Shobe Insights 2nd Quarter 2018
New Realities for the Modern Family
We’ve gone from “Leave it to Beaver” to “The Brady Bunch” to “Modern Family.” Our favorite TV shows reflect the times we live in. These days, 70% of American families fall into the “nontraditional” category. While nuclear families (mom, dad, 2.2 kids and a dog) remain intact, it’s much more likely that your family—or one you know well – reflects a different reality with different family dynamics. You may be on your own or part of a large and complicated family. Your family – no matter how it’s defined—may be bound by love, but love alone can’t replace thoughtful planning. The fact remains that the need for comprehensive financial and estate planning is more important than ever.
To be sure, there are basics that apply for all households. Everyone – whether a prince or a pauper – needs a will. And everyone should have an emergency fund that covers at least three to six months of living expenses. Ideally, we should all have health insurance and save diligently for retirement. But those of us who make up the four out of five families that fall under the “non- traditional” label will have to take our financial planning a few steps further.
Modern Family (Financial) Planning
Changing dynamics mean careful attention must be paid to the details so that your financial plans represent the needs of your not-so-conventional family. And, however large and complicated your family may be, it pays to take a holistic look at your estate plan so that it includes your family in its entirety. Take a look at some of the issues and possible solutions.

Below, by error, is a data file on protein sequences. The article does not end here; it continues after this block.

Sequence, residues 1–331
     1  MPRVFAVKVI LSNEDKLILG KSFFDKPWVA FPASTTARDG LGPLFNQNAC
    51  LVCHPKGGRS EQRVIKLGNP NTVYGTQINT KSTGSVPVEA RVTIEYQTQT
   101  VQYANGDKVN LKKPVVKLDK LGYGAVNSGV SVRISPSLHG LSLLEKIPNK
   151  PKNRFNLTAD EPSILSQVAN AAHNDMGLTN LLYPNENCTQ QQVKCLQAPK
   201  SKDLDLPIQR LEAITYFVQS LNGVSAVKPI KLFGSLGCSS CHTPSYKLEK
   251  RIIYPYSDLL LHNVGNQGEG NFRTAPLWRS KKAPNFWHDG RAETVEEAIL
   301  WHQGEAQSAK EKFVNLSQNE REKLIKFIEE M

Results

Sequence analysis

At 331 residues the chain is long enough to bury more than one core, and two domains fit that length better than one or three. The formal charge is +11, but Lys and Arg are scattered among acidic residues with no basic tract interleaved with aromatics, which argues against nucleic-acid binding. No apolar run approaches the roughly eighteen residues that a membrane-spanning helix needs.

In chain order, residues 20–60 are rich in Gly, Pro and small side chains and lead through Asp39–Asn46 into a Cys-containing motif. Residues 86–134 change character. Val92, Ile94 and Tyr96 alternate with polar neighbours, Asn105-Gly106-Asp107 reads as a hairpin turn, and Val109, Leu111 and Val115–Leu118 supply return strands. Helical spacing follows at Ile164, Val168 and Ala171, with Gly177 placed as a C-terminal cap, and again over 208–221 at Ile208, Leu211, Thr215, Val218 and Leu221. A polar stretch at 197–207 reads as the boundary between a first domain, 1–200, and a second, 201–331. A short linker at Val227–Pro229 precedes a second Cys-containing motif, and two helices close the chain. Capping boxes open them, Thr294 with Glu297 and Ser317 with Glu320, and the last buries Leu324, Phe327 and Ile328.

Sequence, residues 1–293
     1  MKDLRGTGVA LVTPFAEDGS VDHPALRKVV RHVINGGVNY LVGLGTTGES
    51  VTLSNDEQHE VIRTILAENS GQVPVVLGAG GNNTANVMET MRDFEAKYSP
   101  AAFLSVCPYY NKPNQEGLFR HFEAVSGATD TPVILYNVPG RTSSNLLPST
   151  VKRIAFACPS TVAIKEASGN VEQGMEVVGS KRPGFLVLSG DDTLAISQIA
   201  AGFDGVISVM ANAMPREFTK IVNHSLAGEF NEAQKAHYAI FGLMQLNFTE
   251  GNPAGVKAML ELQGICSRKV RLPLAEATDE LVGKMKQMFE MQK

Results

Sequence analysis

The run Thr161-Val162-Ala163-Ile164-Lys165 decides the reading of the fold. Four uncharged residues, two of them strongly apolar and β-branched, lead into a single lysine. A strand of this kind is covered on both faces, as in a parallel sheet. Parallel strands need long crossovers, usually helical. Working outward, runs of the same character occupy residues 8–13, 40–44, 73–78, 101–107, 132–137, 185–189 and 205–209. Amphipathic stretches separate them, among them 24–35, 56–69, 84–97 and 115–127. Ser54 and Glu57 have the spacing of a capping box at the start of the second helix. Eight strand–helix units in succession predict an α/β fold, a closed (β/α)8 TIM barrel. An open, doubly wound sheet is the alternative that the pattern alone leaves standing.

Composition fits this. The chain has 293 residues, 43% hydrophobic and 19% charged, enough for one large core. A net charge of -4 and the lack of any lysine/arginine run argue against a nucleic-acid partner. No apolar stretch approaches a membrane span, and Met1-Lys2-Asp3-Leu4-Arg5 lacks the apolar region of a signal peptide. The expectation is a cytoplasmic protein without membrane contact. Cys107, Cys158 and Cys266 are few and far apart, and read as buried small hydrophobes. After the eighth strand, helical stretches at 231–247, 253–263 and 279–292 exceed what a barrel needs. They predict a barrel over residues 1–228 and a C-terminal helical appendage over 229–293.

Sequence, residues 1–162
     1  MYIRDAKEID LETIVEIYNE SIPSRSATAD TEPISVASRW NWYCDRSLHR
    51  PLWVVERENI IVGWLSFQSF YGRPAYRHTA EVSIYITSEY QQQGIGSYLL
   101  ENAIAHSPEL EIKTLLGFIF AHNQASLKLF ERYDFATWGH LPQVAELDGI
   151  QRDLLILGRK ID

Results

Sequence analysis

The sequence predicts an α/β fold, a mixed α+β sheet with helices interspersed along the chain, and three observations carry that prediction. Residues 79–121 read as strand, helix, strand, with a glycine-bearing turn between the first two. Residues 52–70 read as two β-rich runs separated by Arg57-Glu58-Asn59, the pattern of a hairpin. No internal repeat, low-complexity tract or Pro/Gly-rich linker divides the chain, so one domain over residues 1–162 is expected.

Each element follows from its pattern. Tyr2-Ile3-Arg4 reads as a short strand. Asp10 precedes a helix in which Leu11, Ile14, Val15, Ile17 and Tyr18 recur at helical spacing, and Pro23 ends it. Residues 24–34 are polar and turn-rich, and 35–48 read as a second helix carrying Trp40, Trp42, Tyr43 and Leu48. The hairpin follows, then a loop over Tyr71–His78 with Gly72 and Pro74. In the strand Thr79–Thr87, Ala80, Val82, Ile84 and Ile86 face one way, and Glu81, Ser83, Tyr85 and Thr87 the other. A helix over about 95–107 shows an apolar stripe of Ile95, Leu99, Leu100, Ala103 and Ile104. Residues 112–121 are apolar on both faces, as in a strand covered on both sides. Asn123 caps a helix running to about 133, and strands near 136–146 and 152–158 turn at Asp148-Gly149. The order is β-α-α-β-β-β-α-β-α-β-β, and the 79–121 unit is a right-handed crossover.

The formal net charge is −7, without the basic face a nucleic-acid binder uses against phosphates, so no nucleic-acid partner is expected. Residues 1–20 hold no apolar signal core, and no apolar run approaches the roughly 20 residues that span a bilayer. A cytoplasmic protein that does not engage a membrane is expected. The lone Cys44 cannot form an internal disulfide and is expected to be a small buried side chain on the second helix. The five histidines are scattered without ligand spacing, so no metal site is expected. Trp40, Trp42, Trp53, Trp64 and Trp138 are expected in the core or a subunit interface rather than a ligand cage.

Also known as blended families, where one or both spouses have children from a previous relationship, these families face complicated financial decisions in order to preserve family harmony. The spouses need to make sure each other is taken care of, and ensure that the children, stepchildren and future children share in the family wealth in a way that feels fair and equitable.
It gets sticky when one spouse wants to provide for the surviving spouse, while also ensuring assets eventually go to his or her children. The survivor spouse may inherit the majority of assets but is under no legal obligation to ensure those assets then pass on to your children later. To avoid this potentially devastating mistake, be sure to make estate planning a priority – even if you’re young. Consider this hypothetical scenario: